Given that Wisconsin’s unemployment has dropped to 4.6% from 5.6% in the past year, the state is in the enviable position of having lowered unemployment while increasing labor-force participation. Not surprisingly, this has helped Wisconsin move up to eighth place in state labor-force participation, from 12th in 2011.

Keep these figures in mind as you hear the attacks on Scott Walker that will be coming from the political left. I have not yet made up my mind as to whom I am supporting in the Republican presidential primary, but these are impressive statistics.

Who Is Working And Who Is Not

The National Review Online posted an article today about job growth since the recession began in December 2007.

The article reports:

From November 2007 through November 2014, the number of employed native-born Americans has decreased more than 1.45 million, while the number of employed immigrants has risen by more than 2 million (as the immigrant population grew rapidly, too), according to data compiled by the Department of Labor’s Bureau of Labor Statistics.

“Native employment has still not returned to pre-recession levels, while immigrant employment already exceeds pre-recession levels,” the report says. “Furthermore, even with recent job growth, the number of natives not in the labor force (neither working nor looking for work) continues to increase.”

This might be something to consider when debating President Obama’s amnesty memo. I suspect there are two main reasons for this statistic–first of all immigrants (legal or illegal) may be willing to work for lower wages, and secondly, many immigrants may have a stronger work ethic than many Americans. Either way, this does not bode well for America’s future.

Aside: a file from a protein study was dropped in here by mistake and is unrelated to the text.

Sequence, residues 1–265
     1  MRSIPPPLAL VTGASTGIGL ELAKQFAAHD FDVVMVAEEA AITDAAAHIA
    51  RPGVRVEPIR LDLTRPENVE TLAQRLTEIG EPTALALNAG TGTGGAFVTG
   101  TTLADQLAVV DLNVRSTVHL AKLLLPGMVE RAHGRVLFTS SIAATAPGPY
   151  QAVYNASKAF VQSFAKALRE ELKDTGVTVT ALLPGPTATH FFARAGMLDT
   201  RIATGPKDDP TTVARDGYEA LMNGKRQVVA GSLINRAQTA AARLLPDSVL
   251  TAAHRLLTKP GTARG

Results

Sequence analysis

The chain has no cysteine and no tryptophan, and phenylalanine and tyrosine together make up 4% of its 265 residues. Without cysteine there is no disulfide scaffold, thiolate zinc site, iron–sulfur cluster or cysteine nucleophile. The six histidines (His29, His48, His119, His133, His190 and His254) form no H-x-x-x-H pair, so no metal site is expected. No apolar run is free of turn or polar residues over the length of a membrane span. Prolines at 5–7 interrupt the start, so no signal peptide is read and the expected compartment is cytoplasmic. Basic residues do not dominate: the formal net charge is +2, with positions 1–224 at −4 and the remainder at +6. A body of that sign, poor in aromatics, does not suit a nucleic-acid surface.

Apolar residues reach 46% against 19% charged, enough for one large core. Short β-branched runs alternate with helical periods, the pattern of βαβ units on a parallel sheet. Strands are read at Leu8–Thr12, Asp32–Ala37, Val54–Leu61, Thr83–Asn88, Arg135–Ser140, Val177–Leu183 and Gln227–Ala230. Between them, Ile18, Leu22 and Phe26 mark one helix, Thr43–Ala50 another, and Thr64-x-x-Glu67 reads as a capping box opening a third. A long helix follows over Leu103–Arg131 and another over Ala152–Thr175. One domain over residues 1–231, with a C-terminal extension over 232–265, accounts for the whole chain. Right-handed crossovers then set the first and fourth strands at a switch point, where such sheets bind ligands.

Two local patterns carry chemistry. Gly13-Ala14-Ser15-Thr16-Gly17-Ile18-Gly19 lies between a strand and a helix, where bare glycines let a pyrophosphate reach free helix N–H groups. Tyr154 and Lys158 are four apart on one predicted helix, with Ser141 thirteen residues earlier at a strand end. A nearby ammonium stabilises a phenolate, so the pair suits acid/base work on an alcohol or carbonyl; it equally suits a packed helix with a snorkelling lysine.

An Obvious Example Of Economic Growth

The Washington Examiner posted an article today about job growth in Texas since the recession began in December 2007.

These two charts tell the story:

So what is the secret? The article reports:

For starters, Texas does not collect an individual income tax or a corporate income tax. It does collect a gross receipts tax. Still, the Tax Foundation’s 2015 State Business Tax Climate Index says Texas has the tenth best business tax climate in the U.S.

Texas has one of the highest sales taxes in the nation to make up for lost income tax revenue. The combined state and average local sales tax rate of 8.15 percent is 11th highest in the nation. However, sales taxes are more efficient than income taxes, since they don’t punish work.

Texas is also a right-to-work state, which studies have shown is better for the economy. Texas is the freest labor market in the country, according to the Mercatus Center. Their labor market freedom rankings include right-to-work status, in addition to minimum wage laws and workers compensation regulations, among other factors.

It seems to me that Congress and the Obama Administration could learn a lot about economics from Texas. Hopefully the new Republican Congress will copy some of the things that have worked in Texas.